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Did it work? Program Evaluation and the Urban Wildlife Conservation Program
Alex Kasdin

“Did it work?”  I probably use that phrase several times a day.  This morning, my stove didn’t light so my roommate tried cleaning the burners; I heard clicking and some frustrated muttering from downstairs.  “Did it work?” I called.  No dice.  Program evaluation sounds like an official and complicated process.  But it is really just a fancy way of asking, “Did it work?”


Strategic Habitat Conservation: “Did it work?” Service-style

Evaluation is happening in the Service -- you may even be doing it yourself.  Let’s say you work at a refuge in the Northeast Region.  Invasive species are a constant, seemingly never-ending battle for you.  Staying one step ahead of these species requires creativity and patience.  You have to try a treatment, wait, and then, with bated breath, ask, “Did it work?  Are they gone?”  We always want to know whether our efforts worked because, if they didn’t, we have to change course and try again.  This is a key part of adaptive management or, in Service language, Strategic Habitat Conservation (SHC).  Eventually, through informed experimentation, monitoring, and evaluation, we’ll get it right and it will work.


The $64,000 Question

We must also apply this evaluative thinking and adaptive management approach to our Urban Wildlife Conservation Program efforts.  The Urban Wildlife Conservation Program aims to engage residents in urban areas in environmental conservation and outdoor recreation in order to build a constituency who understand the Service and act as environmental stewards in their community.  This is an ambitious goal!  Already, Service staff across the country are partnering with local communities to broaden exposure to the natural world and build comfort in and appreciation of the outdoors.  Sounds great, right?  But is it working?  This is indeed the $64,000 question.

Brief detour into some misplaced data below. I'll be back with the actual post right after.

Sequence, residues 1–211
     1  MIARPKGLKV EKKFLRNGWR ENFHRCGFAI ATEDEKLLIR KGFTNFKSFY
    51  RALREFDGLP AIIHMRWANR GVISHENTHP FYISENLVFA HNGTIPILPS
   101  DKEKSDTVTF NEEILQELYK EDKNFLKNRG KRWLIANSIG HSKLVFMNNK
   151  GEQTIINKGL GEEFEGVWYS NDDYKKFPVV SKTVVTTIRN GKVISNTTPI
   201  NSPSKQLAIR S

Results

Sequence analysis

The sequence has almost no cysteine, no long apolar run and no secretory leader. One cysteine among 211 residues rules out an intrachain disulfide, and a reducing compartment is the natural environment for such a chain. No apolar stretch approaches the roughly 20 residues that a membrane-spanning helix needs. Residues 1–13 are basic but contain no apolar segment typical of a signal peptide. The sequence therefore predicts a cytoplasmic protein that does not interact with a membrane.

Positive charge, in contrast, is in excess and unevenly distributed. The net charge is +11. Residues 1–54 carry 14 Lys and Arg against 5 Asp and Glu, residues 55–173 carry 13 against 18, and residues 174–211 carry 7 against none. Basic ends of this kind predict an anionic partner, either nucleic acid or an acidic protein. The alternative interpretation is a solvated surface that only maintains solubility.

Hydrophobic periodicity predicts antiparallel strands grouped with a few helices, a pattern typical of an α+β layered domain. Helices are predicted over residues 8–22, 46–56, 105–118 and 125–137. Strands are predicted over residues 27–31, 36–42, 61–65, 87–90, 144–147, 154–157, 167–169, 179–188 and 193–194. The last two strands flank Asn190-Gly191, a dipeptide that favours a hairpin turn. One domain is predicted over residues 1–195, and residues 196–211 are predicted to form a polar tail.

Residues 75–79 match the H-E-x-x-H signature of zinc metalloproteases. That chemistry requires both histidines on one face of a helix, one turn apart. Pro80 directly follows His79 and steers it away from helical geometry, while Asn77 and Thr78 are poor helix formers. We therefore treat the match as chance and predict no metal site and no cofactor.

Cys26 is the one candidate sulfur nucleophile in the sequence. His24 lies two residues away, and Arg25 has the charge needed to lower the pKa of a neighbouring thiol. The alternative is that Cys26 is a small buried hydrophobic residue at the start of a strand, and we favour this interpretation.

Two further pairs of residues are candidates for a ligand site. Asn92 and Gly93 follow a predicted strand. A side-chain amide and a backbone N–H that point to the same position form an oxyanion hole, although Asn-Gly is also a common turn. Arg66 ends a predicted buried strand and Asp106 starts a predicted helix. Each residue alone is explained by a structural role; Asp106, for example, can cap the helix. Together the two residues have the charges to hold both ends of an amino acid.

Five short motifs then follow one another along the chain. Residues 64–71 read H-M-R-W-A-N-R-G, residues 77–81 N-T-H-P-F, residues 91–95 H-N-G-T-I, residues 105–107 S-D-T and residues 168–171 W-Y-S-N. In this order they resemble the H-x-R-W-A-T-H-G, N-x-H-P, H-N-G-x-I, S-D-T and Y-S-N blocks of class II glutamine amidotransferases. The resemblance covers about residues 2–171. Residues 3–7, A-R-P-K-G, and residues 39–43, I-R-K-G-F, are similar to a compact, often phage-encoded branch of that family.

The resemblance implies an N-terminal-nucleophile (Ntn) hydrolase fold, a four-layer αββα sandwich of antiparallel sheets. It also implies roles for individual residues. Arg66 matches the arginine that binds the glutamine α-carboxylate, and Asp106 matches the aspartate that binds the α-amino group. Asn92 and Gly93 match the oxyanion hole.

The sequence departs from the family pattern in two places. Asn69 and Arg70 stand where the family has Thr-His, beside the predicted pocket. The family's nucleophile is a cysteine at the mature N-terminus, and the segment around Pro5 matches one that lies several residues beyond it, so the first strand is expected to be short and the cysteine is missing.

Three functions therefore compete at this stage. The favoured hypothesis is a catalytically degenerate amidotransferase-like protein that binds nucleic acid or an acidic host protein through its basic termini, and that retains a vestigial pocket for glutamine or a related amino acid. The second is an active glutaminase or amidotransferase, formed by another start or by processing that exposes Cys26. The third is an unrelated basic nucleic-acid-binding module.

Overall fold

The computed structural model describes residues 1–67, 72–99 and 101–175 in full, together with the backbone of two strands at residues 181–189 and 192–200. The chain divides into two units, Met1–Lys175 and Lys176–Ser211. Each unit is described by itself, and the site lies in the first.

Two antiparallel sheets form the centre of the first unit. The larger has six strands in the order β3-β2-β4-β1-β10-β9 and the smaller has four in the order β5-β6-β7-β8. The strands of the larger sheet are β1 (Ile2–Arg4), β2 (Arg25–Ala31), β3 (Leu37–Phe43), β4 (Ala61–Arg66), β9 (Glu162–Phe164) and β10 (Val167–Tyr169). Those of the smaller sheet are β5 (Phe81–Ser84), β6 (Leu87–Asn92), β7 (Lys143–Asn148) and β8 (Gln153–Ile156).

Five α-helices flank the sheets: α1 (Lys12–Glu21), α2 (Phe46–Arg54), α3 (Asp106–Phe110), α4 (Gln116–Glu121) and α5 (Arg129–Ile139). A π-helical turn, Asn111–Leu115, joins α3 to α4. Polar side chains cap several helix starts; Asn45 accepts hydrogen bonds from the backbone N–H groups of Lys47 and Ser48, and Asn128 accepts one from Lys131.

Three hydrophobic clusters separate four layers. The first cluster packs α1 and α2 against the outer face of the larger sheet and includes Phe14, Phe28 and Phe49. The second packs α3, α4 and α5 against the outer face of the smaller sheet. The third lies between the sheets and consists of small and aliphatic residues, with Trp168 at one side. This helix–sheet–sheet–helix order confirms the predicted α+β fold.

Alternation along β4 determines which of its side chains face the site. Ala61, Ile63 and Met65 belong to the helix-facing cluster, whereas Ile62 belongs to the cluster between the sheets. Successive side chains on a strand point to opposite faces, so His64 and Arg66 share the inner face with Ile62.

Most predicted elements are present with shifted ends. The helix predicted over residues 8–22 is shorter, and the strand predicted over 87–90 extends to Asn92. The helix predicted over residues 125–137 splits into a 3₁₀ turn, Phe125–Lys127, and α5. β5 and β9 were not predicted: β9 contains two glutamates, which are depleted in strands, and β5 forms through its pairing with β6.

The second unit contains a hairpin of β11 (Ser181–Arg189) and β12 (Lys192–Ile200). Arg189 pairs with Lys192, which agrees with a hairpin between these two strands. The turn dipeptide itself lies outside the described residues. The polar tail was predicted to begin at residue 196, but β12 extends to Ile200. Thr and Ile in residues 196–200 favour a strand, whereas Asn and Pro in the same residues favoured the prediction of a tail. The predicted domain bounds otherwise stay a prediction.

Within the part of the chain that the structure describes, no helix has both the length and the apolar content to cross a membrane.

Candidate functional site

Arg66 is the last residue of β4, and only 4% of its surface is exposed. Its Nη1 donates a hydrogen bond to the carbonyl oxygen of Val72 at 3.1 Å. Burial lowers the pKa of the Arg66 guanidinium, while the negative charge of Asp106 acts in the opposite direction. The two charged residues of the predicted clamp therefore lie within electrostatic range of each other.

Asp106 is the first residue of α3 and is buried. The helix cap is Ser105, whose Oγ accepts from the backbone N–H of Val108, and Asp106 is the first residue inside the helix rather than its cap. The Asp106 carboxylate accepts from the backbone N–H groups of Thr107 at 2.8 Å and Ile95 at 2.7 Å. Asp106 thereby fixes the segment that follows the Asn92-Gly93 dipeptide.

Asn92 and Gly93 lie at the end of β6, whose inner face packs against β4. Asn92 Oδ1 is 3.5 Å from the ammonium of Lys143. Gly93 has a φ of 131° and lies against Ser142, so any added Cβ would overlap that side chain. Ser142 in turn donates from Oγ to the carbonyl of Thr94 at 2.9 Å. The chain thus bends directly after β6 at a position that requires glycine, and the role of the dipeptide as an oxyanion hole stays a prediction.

Our survey says…

Anecdotally, we’d like to think the Urban Program is working.  An example is the Urban Wildlife Refuge Partnership between the Service and the Providence, RI Parks Department to provide programming and habitat restoration assistance to the city of Providence.  The Providence Parks Urban Partnership runs after-school programs for low-income youth in the city of Providence; it introduces youth to the wonders of the outdoors in their neighborhoods.  Youth explore the small city parks nearby to discover squirrels, pollinators and robins.  One young man who participated in this program enjoyed it so much he decided to lead an impromptu nature walk with the kids in his affordable housing community.  They walk around their city, spotting wildlife and trying to identify the birds they see.  This walk has become a regular occurrence. 


The Standards of Excellence define excellence for partnering with urban communities. Evaluation will help ensure excellence is achieved. This starts with documenting what Service staff and partners are doing to connect urban residents with the outdoors. This is the “it” in “did it work?” What is it that we are doing to meet the Standard of Excellence? Tools developed for Urban Refuges, key partners, and Urban Partnerships aim to document this information and assess our progress in taking action.But anecdotes do not prove success. To that end, I have been part of a team of Service staff and partners who have been working with program evaluation experts to develop the tools needed to rigorously assess program impacts in urban communities.


The next step is to develop a set of tools that connect what we’re doing to measurable community impacts. Through surveys of program participants and refuge visitors, we aim to determine whether our programming is helping to build a connection to the outdoors, comfort in nature, and positive attitudes towards conservation and wildlife.


It worked!

The beauty of these tools is that they will enable Service staff to more effectively and efficiently engage with their urban constituents. They will also help headquarters staff identify common challenges in the field, which will better equip them to support the field with implementing the Urban Program. Furthermore, armed with information about effectiveness, the Service will be well positioned to share stories of success!


In case you were worried, we fixed the stove. All it took was a little research (there are so many blogs that tell you how to fix gas stoves!) and a few “experiments.” And after each attempt, we always asked, “Did it work?,” taking what we learned to adjust our approach until we reached our goal: cooking breakfast!


Alex Kasdin's picture
About the Author
Alex Kasdin
Alex Kasdin is a graduate student in public policy and public affairs at Princeton University. She is currently completing a two-year fellowship at the USFWS as part of Princeton's competitive scholarship program, the Scholars in the Nation's Service Initiative (SINSI). In her current fellowship rotation, Alex is working with the National Wildlife Refuge System in the Northeast Region on a number of projects, including evaluation of the Urban Wildlife Conservation Program.